Another option for the homeowners’ association is to hold the sale and place a bid on the property.  No money is actually exchanged and the property is transferred to the homeowners’ association subject to the superior lien(s).  This does not mean the homeowners’ association is liable for the money owed to the bank or superior lien holders (with the exception of property taxes).  Rather, the homeowners’ association will hold title until the first lien holder eventually forecloses.  The homeowners’ association can lease the property to recover some or all of the money owed while waiting for the bank to foreclose.  This, however, does require the homeowners’ association to act as a landlord and take responsibility for the property including maintenance, taxes, and insurance.  There is also a risk that the superior lien holder will foreclose quickly and the property is never leased or is not leased long enough to recover the costs of the foreclosure.  For some boards of directors this is not worth the risk and they do not want to take the responsibility of holding title to the property.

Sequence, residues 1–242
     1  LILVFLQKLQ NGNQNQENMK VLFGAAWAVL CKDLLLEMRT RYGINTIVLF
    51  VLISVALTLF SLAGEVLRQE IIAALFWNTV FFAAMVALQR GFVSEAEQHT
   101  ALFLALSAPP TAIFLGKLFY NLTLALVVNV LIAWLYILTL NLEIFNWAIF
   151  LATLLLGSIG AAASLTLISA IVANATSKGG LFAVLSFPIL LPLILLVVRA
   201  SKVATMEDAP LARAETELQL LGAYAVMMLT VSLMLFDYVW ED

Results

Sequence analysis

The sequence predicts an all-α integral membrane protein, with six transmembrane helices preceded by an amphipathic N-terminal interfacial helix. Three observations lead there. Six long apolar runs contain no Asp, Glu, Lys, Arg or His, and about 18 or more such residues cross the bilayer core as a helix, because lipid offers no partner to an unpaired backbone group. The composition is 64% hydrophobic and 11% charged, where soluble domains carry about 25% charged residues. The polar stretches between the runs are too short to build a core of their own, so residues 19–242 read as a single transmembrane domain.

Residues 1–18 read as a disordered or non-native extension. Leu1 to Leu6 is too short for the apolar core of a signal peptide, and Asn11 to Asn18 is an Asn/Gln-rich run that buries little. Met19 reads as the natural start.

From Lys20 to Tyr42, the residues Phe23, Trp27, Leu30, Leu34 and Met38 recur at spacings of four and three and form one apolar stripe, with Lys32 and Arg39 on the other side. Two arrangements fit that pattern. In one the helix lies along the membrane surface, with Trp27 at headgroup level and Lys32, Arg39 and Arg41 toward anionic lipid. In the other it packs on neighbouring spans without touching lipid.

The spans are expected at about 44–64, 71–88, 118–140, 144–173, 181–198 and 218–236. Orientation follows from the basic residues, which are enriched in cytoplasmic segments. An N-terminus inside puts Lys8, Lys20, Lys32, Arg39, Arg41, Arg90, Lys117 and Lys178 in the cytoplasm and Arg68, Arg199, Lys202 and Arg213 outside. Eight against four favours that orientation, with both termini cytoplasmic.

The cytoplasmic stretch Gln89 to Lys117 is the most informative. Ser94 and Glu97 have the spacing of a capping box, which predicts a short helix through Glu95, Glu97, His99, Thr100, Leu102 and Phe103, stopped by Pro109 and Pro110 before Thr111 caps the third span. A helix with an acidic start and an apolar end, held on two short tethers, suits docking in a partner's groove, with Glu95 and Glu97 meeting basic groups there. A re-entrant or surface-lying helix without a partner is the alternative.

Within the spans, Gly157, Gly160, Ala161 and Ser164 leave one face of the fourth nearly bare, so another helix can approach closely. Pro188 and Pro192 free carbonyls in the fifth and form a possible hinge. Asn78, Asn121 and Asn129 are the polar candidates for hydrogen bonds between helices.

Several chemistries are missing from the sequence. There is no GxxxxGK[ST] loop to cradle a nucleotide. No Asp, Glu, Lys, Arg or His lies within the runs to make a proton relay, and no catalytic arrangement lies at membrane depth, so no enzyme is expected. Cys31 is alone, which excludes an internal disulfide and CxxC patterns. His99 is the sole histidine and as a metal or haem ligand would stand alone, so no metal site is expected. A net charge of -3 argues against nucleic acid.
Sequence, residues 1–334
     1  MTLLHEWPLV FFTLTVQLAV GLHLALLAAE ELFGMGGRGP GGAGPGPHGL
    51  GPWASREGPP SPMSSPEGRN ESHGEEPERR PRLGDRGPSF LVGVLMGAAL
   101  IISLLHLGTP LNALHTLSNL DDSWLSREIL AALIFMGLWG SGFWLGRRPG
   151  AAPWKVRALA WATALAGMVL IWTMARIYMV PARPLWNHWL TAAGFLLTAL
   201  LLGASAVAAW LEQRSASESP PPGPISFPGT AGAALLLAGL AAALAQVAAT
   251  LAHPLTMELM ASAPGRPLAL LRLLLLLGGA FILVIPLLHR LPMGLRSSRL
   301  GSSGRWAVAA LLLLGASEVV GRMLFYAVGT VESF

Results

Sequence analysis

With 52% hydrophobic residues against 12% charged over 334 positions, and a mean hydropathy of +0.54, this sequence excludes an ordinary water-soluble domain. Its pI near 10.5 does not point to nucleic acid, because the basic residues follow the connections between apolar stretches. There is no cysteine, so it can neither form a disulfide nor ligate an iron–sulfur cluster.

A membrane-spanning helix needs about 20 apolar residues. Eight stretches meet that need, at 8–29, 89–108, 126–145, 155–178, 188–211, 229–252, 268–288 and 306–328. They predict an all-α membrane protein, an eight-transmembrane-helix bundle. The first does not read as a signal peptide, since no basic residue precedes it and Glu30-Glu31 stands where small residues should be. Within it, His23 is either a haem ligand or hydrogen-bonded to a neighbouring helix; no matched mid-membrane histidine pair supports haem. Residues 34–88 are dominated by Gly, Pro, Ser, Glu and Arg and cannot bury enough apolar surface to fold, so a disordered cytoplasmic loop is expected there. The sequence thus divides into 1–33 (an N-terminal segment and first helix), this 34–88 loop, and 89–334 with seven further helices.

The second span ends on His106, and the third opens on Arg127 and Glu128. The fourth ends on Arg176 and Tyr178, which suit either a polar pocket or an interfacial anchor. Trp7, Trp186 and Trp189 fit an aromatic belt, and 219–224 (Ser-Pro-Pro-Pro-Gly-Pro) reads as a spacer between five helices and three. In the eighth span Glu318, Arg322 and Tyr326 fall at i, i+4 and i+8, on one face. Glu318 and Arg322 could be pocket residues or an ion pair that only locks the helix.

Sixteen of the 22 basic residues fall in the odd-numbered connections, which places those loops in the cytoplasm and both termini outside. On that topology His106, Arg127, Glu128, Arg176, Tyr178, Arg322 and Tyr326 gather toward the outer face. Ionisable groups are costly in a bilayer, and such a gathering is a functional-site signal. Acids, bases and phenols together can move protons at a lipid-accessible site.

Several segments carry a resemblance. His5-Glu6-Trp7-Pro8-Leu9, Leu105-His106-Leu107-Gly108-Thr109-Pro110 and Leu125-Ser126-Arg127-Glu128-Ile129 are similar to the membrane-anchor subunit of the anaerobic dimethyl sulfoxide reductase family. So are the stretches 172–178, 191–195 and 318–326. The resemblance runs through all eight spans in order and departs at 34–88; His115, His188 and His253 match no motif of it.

Foreclosure on a Claim of Lien as a Last Option

Prior to filing foreclosure, the board of directors of a homeowners’ association needs to carefully consider the possible scenarios.  Some of the factors the board should consider:  Is the property occupied?  Is there equity in the property?  Why is the owner not paying?  For example, if the property is an empty lot with no equity, there are not likely to be any bidders and if the homeowners’ association does take title, the property cannot be leased.  It can “stop the bleeding” and sometimes cause the first lien holder to move forward with foreclosure more quickly but this is not always the case.  Generally the first lien holder does not base the decision to foreclose on the actions of the second lien holder so this should not be the sole motivation for filing foreclosure. On the other hand, if the property is occupied by either the owner or a tenant, they are more likely to respond because they do not want to lose the property.

Foreclosure can be a very useful tool for collection of assessments for homeowners’ associations, but it is a serious remedy that should only be done after considering all of the options and possible outcomes.  A homeowners’ association should speak with an attorney before proceeding with a foreclosure to discuss the association’s different options and the possible consequences of a foreclosure.

If you find yourself in a claim of lien situation and have more questions, please feel free to give us a call at (910) 815-0085. As experts in property law, we are the Wilmington, NC attorneys to call when you have questions.